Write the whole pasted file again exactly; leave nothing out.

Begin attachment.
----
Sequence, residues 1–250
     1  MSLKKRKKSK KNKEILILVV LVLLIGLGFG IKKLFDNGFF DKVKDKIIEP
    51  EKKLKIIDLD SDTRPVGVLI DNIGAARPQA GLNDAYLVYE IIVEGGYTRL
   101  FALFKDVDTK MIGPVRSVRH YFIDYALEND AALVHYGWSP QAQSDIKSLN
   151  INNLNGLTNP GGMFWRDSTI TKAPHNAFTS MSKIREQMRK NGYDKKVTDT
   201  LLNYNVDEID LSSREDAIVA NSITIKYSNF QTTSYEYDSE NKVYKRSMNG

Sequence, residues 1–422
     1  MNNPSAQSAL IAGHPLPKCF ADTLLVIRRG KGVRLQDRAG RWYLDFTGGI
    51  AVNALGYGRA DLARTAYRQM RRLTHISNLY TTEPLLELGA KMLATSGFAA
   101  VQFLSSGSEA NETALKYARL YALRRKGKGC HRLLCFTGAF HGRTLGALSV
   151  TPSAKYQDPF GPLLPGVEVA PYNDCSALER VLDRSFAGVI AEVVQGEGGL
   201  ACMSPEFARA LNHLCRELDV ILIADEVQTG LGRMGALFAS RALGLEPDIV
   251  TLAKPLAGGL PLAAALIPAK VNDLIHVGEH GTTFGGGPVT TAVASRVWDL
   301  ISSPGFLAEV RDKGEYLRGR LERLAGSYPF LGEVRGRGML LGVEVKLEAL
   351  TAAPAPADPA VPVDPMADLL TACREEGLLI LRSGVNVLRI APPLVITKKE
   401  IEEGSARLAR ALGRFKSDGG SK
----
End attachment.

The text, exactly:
Sequence, residues 1–250
     1  MSLKKRKKSK KNKEILILVV LVLLIGLGFG IKKLFDNGFF DKVKDKIIEP
    51  EKKLKIIDLD SDTRPVGVLI DNIGAARPQA GLNDAYLVYE IIVEGGYTRL
   101  FALFKDVDTK MIGPVRSVRH YFIDYALEND AALVHYGWSP QAQSDIKSLN
   151  INNLNGLTNP GGMFWRDSTI TKAPHNAFTS MSKIREQMRK NGYDKKVTDT
   201  LLNYNVDEID LSSREDAIVA NSITIKYSNF QTTSYEYDSE NKVYKRSMNG

Sequence, residues 1–422
     1  MNNPSAQSAL IAGHPLPKCF ADTLLVIRRG KGVRLQDRAG RWYLDFTGGI
    51  AVNALGYGRA DLARTAYRQM RRLTHISNLY TTEPLLELGA KMLATSGFAA
   101  VQFLSSGSEA NETALKYARL YALRRKGKGC HRLLCFTGAF HGRTLGALSV
   151  TPSAKYQDPF GPLLPGVEVA PYNDCSALER VLDRSFAGVI AEVVQGEGGL
   201  ACMSPEFARA LNHLCRELDV ILIADEVQTG LGRMGALFAS RALGLEPDIV
   251  TLAKPLAGGL PLAAALIPAK VNDLIHVGEH GTTFGGGPVT TAVASRVWDL
   301  ISSPGFLAEV RDKGEYLRGR LERLAGSYPF LGEVRGRGML LGVEVKLEAL
   351  TAAPAPADPA VPVDPMADLL TACREEGLLI LRSGVNVLRI APPLVITKKE
   401  IEEGSARLAR ALGRFKSDGG SK